Friday, May 26, 2017

Macron at L'Esprit

Very interesting interview with Olivier Mongin, editor of L'Esprit, concerning Emmanuel Macron's work for the journal, his relationship with Paul Ricoeur, and his political thought and outlook.

Macron Débuts on the World Stage

Emmanuel Macron made his first appearance at a grand international meeting at yesterday's NATO conference. Much commentary has focused on his several handshakes with Donald Trump, whose overbearing manner failed to cow the young French president, even if our First Oaf did manage to shove aside the prime minister of Montenegro in his zeal to place himself in the front row for a photo op. For a brilliant commentary on the whole show, you can't do better than the interview Dominique Moïsi gave to France Inter this morning:

Dominique did not comment, however, on what I thought was the most remarkable moment of the conference. Macron, arriving last for the meeting, found himself alone facing a phalanx of the high and mighty. With his customary poise, he traversed the distance between himself and the advancing front rank of leaders, which included, of course, Trump slightly to the right of center but also Angela Merkel slightly to the left. At the last moment, Macron veered to his right to greet Merkel, whom he had of course met in Germany last week, with a warm hug, leaving Trump, who clearly expected to be greeted first in a sign of feudal submission, looking characteristically unsure of how to conceal his contempt.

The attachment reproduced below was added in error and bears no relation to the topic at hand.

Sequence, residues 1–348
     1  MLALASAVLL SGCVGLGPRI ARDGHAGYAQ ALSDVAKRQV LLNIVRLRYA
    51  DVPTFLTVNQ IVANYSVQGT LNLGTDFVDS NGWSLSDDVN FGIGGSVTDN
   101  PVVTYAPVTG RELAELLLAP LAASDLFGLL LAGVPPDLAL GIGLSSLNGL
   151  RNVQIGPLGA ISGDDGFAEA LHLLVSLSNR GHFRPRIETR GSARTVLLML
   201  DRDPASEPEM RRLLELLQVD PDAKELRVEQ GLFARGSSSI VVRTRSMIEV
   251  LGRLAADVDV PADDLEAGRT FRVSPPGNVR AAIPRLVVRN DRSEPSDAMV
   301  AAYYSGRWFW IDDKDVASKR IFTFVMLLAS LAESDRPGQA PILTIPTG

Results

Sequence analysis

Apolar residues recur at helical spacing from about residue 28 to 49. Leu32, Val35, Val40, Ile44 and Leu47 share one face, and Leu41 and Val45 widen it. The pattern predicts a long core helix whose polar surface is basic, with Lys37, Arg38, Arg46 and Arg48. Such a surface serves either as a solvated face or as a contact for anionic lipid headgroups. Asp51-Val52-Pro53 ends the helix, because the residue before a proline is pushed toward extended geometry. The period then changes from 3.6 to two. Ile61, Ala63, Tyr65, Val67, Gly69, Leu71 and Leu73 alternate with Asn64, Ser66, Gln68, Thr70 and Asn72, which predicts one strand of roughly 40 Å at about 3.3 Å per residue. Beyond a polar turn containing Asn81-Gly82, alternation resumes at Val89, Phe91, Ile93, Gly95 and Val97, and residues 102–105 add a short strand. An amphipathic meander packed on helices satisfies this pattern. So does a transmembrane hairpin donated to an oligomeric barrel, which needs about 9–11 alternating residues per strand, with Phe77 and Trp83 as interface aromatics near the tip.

The commentary on this event--including mine--would not be out of place in an analysis by a Jacques Le Goff or Georges Duby of some medieval court ritual. In a moment of absolute uncertainty in world affairs, with the most powerful nation in the world governed by a "terrifying," "impulsive," "unpredictable," and incurious imbecile (the words in quotes are Dominique's, the last two are mine), we are reduced to scrutinizing the gestures of our lords for signs of the order that once reigned after the supposed "end of history." Back then we called it the New World Order. How nostalgically quaint that appellation seems today.